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To Change, Customers Must Experience Their Problems Emotionally

Customers are no different than individuals when it comes to personal behavior. They seek pleasure, advantages, growth, opportunity and success because they don't want to feel and experience the frustration of not getting what they want. We are all the same in that way. We care more about not getting what we don't want (problems), than we do care ultimately about getting what we do want (opportunities and growth).

The more customers are willing to settle, be complacent and come to terms with their problems, the less likely they'll be willing to openly discuss them and take action. According to the Brooks Group, only 2% of customers reveal their wants to sales people. So make no mistake, it isn't an easy endeavor.

Customers can be reluctant to reveal what they don't want since it's usually below the surface and is very personal for them. Wants are hard to uncover because they aren't product specific.

Sales people should focus more on what customers want to avoid, than what they want to gain. This becomes a challenge because the customer's predominant ego state is controlling the status quo, security oriented, whatever is familiar and constantly being in a state of resisting the unknown. To move them off their mark you need to attempt to undermine their false sense of security.

Your marching orders in finding your customer's problems is to have a "wake up" call for them. Position your offering for the problems it solves, not what it does, or what it can accomplish. Avoid using the word "problem" because of the obvious negative connotations. Replace it with less assertive versions such as issues, concerns, frustrations, limitations, challenges, barriers and obstacles. One is far easier to admit than the other. Many customers are uncomfortable talking about their problems, but will be open to talking about their imperfections.

Beware of customers who have so suppressed their problems that they no longer can recognize them even if it hit them squarely in the face. Many customers live in a cloistered environment where they're in a survival culture, instead of a learning and growing culture. Their problems are simply unrecognizable and therefore won't be acted upon. If they aren't willing to step back and examine their problems and openly discuss them then the status quo will more than likely rule. If your customer isn't willing to roll up their sleeves and take a long hard look at themselves and their organization, change is probably not in the cards.

Be careful as you go through this process not to make the mistake of being an authority for your customer. The problem evaluation process works well when you help your customer to look deeply at their problems independently, and you give them the freedom to decide for themselves if they have reached a threshold where they have suffered enough.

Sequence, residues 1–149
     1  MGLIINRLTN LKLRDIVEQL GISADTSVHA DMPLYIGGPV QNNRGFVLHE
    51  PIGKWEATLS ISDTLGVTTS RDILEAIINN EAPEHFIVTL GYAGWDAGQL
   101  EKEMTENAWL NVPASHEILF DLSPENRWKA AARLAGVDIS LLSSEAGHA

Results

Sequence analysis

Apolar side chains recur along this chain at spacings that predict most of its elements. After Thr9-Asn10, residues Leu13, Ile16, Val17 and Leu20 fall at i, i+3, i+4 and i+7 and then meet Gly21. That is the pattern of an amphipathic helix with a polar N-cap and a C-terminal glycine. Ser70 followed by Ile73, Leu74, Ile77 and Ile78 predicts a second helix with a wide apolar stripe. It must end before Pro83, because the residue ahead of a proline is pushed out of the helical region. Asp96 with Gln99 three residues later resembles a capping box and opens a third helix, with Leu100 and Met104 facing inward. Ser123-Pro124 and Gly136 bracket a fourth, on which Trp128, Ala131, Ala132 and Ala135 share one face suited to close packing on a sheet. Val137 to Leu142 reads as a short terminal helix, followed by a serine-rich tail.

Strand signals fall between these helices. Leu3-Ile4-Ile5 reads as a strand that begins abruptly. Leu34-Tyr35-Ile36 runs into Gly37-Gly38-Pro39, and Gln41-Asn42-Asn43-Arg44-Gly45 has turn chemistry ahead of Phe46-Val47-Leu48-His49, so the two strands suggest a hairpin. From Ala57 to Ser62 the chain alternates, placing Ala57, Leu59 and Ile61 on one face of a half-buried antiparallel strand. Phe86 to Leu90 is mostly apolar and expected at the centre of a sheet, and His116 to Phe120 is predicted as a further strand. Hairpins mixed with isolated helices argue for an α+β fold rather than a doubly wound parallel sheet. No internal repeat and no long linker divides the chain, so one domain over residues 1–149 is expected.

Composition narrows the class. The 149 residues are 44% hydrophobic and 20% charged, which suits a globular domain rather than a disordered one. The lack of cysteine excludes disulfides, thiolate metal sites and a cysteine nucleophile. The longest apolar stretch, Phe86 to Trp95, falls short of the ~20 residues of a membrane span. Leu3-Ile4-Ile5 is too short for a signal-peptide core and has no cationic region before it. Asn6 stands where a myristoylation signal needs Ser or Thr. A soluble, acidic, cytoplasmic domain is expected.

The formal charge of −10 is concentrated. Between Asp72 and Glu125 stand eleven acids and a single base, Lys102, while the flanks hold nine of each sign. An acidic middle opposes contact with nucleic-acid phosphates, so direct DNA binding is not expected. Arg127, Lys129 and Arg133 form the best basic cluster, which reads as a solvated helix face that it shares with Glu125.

The trusted advisor and objective sales person doesn't make decisions for their customer unless it's crystal-clear that the customer wants them to, and only after they've exhausted all other question options.

Conventional sales people make the fatal mistake of addressing and fixing customer's problems before they've dealt with the thinking, feelings and emotions behind the problems. If you really are intent on helping your customers resolve their problems, you'd be not as much concerned about helping them get rid of their problems, but rather first dealing with getting rid of the thought system that created them.

When customers compensate for their problems they make them chronic. The sales person needs to show the customer the pros and cons of their actions without making them wrong in the process. This way they can deal with the real problem, not just symptoms.

Your customer's willingness to feel and reexperience their problems on an emotional basis will be a strong indicator that they have processed the information and are willing to take the next step to consider whether they should act on it or not. Appealing to their "thinking mind" has limitations. Customers tend to speak in logical and rational language to avoid the problems of the past. The more they intellectualize their problems the further they'll get from solving them. Customers buy emotionally and unfortunately sales people are trying to sell them logically and rationally.

Richard Farrell is President of Tangent Knowledge Systems, a national sales development and training firm based in Chicago. He is the author of the upcoming book Selling has Nothing to do with Selling. He trains and speaks around the world and has authored many articles on his unique non-selling sales posture.

Phone: 773-404-7915
EMail: rfarrell@tangentknowledge.com
Web: http://www.tangentknowledge.com